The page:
Family Says Treatment Was Unjust
By Colin Hickey
July 3, 2006
Waterville -- The family of a longtime organist for the Parish of the Holy Spirit on Sunday blasted Maine's Roman Catholic Church as arrogant and unjust in dismissing their mother from her church duties for allegedly having inappropriate sexual contact with a minor about 30 years ago.
The Roman Catholic Church of Portland announced Saturday that Toni Breton, a Waterville resident, would no longer be allowed to function in a ministerial role in the church after the church validated the charges against her by a person the church has declined to identify.
In a letter to parishioners, Bishop Richard J. Malone wrote that "I find that claims of improper sexual acts with a minor have been substantiated."
The family of Breton responded with its own statement, handled through its attorney, Michaela Murphy of the Waterville law firm of Jabar, Batten, Ringer & Murphy.
"We are deeply hurt at the way our mother has been treated in this matter by the Catholic Church, a church she has served faithfully for over forty years, and a church in which she raised her children because she has always believed its doctrine and its truth," the family said in the statement.
Kenneth Rossignol, a son-in-law of Breton, echoed those sentiments when contacted Sunday.
Rossignol, acting as a spokesman for the family, said: "It is safe to say this whole thing has left her emotionally, physically and just spiritually drained. The only thing that has really kept her going is the support and prayers of those who still believe in her."
In the statement, the Breton family criticized the church for not allowing Breton to review the evidence brought against her nor be present and participate in the hearing in which the church determined her fate.
Murphy said the church has misguided priorities.
"Sadly it appears their policies are driven more by liability concerns than a concern about finding out the truth of what happened," she said.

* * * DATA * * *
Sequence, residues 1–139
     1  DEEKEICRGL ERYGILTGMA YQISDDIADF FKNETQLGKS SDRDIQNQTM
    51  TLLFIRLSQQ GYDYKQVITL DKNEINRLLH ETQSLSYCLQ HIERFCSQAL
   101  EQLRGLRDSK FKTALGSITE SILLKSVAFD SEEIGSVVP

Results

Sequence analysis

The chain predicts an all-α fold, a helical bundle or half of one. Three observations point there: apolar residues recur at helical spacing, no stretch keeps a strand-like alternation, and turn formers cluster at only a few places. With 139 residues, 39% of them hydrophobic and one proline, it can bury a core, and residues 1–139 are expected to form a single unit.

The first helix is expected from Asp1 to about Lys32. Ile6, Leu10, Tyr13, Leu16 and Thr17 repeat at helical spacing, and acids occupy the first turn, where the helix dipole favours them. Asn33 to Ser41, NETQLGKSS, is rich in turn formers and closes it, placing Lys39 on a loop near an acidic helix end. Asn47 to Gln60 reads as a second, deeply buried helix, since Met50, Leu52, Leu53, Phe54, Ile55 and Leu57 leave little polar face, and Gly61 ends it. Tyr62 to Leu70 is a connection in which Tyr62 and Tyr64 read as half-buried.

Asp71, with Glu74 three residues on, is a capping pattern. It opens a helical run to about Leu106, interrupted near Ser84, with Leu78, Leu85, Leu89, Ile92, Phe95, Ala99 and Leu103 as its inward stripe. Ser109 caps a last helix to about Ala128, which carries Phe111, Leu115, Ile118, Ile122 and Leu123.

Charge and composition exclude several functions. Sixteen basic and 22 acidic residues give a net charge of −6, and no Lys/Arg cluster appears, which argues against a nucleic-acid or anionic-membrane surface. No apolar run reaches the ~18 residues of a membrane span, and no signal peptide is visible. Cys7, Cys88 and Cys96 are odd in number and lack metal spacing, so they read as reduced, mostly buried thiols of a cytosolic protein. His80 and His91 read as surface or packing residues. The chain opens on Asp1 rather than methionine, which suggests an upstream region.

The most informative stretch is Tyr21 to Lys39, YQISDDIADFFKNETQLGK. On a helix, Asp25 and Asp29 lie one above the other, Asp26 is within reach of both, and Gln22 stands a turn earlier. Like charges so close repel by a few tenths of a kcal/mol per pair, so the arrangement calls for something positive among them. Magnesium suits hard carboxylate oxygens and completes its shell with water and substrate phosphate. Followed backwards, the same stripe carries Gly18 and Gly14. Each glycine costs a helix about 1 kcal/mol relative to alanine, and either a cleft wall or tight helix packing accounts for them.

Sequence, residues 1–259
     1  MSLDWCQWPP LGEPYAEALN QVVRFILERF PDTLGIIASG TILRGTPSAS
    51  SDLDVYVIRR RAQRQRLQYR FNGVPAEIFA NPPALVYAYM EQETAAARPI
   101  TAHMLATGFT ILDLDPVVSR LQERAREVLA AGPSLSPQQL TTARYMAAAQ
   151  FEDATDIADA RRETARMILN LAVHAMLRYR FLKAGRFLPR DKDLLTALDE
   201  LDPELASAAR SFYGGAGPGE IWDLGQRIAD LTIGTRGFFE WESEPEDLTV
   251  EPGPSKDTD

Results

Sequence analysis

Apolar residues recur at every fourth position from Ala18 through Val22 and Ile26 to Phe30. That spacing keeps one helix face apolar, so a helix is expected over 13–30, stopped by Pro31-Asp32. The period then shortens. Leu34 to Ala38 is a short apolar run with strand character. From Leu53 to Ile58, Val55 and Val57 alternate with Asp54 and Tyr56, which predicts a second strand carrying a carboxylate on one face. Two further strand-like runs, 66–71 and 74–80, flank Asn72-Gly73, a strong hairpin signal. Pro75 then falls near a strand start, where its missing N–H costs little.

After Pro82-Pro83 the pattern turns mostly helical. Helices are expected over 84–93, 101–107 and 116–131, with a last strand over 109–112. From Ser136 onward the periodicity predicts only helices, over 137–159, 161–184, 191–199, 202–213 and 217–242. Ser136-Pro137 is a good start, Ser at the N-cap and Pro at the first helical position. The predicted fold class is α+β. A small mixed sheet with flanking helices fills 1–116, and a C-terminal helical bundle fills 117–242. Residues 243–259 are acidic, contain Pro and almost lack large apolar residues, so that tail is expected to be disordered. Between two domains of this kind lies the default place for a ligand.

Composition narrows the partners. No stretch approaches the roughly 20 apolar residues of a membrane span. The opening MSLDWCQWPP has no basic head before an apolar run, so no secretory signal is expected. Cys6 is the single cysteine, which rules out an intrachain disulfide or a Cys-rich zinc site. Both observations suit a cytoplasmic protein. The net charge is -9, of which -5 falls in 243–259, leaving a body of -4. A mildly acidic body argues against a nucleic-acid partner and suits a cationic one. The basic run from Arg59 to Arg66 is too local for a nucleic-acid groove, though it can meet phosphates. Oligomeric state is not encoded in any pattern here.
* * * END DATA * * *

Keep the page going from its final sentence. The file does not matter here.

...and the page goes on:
Rossignol said his mother-in-law has received support from hundreds of people in the parish in the form of letters and other types of communication.
Sue Bernard, the spokeswoman for the Roman Catholic Church of Portland, could not be reached for comment Sunday.
The Rev. Philip A. Tracy, pastor of the Spirit of the Holy Spirit, also could not be reached.
The Breton family, in its statement, argues that Breton has never been charged with a crime yet is being treated like a criminal.
Evert Fowle, district attorney for Kennebec and Somerset counties, said the accusations against Breton would have been beyond persecution in the law court because the alleged event exceeded the statute of limitations on such charges.
Fowle said a charge of gross sexual assault cannot be pursued if it occurred before September 1985.
Legislators did away with a statute of limitation for such a charge in 1991, he said, but that change only applied to cases six years before the new statute became law.
Maine's Roman Catholic Church made public the accusations against Breton in March. At that time, Bernard said the diocese determined the information was credible. That triggered an investigation by Deacon John Brennan, a retired Portland Police Department deputy chief.
The Breton family sharply criticized the diocese's methods.
"We have been told that the church had to treat our mother this way because of abuse committed by priests against children, abuse which was covered up for decades by the church. We have been told that this process was needed in order to restore trust between the church and its members. However, rather than treating this matter with discretion and compassion, she has been totally humiliated, and publicly shamed, while being denied the basic human right to defend herself in a fair, truth-seeking process. We had much higher expectations from our church," family members said in the statement.
Colin Hickey -- 861-9205
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